Story

Innovation in storytelling with Storify

It’s 7 am and I have just woken up. I use my Blackberry for an alarm and so its become my ritual to flick through Twitter to see what the world got up to overnight while I was in dreamland. Yes, I am a Twtter tragic, and yes, I was the one that tweeted that post about Carl Sagan’s quote and Twitter addiction: “Somewhere, something incredible is waiting to be known”. 

And so my friends, at 7am I discover not only that the mouse is dead, killed by the tablet, but also that stories have a new twist, thanks to this brilliant new mash-up technology called Storify

I have been an evangelist of storytelling in corporate life (AMP) since October 2006 when we held our first story slam for leaders, gathering 67 stories all up, and we have grown this year on year and now the whole company is doing it! Yeah! 

So you can imagine my delight to discover new ways to innovate on the theme of stories, alongside this other one I found last week! I have requested a beta account to trial Storify because sadly, the “Mashable” code didn’t work- must have been used up already.  I want to use Storify to tell the stories of the different speakers and topics at the Amplify Festival that I produce. (Next one is June 6-10 2011- have you booked yet?) 

But take a look, here’s the demo of Storify. How will you use it?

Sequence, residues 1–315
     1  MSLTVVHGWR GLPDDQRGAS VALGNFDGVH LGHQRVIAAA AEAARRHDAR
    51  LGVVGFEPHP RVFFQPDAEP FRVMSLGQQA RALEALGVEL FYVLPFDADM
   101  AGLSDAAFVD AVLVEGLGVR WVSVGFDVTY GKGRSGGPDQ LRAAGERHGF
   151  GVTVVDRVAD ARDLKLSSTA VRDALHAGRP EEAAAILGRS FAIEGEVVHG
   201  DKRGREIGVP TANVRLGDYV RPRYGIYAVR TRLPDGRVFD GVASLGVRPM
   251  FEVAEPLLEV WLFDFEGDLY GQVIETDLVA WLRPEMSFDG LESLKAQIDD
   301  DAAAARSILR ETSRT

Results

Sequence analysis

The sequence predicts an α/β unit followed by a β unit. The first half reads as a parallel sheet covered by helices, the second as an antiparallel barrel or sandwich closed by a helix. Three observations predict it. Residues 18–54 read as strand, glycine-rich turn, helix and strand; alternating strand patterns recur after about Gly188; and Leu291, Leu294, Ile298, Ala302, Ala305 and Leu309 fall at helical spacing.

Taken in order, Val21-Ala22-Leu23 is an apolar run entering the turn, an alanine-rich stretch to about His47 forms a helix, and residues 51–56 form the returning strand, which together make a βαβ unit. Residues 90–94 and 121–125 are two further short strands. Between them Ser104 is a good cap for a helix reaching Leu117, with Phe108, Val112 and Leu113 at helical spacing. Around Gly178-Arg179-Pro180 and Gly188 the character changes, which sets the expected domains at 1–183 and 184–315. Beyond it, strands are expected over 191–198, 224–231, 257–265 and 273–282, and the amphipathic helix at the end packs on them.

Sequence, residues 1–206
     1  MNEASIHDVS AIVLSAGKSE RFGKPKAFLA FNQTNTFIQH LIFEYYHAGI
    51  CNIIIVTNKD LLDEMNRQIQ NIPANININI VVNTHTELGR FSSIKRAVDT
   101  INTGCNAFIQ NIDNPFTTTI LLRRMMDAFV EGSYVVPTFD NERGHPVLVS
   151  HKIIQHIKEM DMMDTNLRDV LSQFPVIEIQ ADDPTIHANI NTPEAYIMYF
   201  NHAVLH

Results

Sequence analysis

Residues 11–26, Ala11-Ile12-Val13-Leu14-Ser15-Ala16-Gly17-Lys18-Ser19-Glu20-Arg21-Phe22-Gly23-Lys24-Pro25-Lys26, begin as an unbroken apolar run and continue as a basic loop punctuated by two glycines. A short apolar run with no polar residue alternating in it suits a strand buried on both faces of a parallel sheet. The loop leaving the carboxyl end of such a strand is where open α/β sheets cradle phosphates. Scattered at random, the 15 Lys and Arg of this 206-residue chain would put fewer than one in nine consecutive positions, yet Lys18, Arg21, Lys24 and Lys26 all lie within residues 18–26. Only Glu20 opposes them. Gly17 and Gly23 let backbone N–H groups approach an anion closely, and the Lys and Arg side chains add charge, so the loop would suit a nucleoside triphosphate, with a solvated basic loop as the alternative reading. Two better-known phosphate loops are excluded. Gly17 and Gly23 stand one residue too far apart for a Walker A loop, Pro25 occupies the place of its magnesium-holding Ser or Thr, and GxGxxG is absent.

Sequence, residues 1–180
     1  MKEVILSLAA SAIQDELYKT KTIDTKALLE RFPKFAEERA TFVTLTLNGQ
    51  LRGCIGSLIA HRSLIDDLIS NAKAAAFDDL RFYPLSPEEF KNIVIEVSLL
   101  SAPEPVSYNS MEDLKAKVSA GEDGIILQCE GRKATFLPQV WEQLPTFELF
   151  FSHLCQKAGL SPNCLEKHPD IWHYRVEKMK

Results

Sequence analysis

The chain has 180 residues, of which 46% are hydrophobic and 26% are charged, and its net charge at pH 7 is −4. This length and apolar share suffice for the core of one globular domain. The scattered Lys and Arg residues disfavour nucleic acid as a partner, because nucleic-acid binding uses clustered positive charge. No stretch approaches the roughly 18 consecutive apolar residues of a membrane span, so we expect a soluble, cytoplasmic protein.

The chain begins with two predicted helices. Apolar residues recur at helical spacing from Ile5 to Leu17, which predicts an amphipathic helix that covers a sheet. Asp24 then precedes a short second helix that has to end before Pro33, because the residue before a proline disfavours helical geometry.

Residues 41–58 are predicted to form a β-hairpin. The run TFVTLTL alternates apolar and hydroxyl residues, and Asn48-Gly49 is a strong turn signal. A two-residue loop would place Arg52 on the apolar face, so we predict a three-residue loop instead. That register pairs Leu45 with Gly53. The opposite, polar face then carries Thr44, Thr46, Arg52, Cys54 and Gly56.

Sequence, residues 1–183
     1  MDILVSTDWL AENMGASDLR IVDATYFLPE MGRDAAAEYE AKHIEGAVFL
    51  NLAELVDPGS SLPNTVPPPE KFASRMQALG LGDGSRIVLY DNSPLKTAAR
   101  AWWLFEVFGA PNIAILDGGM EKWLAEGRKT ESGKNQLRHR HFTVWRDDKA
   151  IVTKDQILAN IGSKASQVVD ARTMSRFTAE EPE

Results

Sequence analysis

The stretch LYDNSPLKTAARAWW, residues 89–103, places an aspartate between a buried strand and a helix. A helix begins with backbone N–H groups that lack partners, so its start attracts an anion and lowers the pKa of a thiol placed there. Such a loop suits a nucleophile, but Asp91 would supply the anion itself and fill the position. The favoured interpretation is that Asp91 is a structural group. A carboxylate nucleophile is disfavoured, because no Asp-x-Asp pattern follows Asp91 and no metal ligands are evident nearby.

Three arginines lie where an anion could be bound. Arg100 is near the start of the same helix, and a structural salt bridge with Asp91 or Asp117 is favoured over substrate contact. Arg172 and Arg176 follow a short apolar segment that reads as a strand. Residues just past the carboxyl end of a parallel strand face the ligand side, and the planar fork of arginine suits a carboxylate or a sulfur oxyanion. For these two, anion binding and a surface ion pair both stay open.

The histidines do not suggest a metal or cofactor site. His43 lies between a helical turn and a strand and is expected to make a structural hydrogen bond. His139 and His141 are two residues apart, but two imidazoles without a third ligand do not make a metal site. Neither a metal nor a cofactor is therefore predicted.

Storify demo from Burt Herman on Vimeo.

Passion at Middle Age: From Aspen, with love!

This was one of my favourite talks at the Aspen Ideas Festival!  The opening story is a spot-on description of the Aspen crowd….it was hilarious! 

David Brooks has been an op-ed columnist for The New York Times since 2003. Previously, he was an editor at The Wall Street Journal, a senior editor at The Weekly Standard, and a contributing editor at Newsweek and The Atlantic. Currently a commentator on PBS’s “The NewsHour with Jim Lehrer,” Brooks is also the author of Bobos in Paradise: The New Upper Class and How They Got There (Simon & Schuster, 2000) and On Paradise Drive: How We Live Now (And Always Have) in the Future Tense (Simon & Schuster, 2004). He has contributed essays and articles to many publications, including The New YorkerForbesThe Public InterestThe New Republic, and Commentary. He is a frequent commentator on National Public Radio, CNN’s “Late Edition,” and “The Diane Rehm Show.”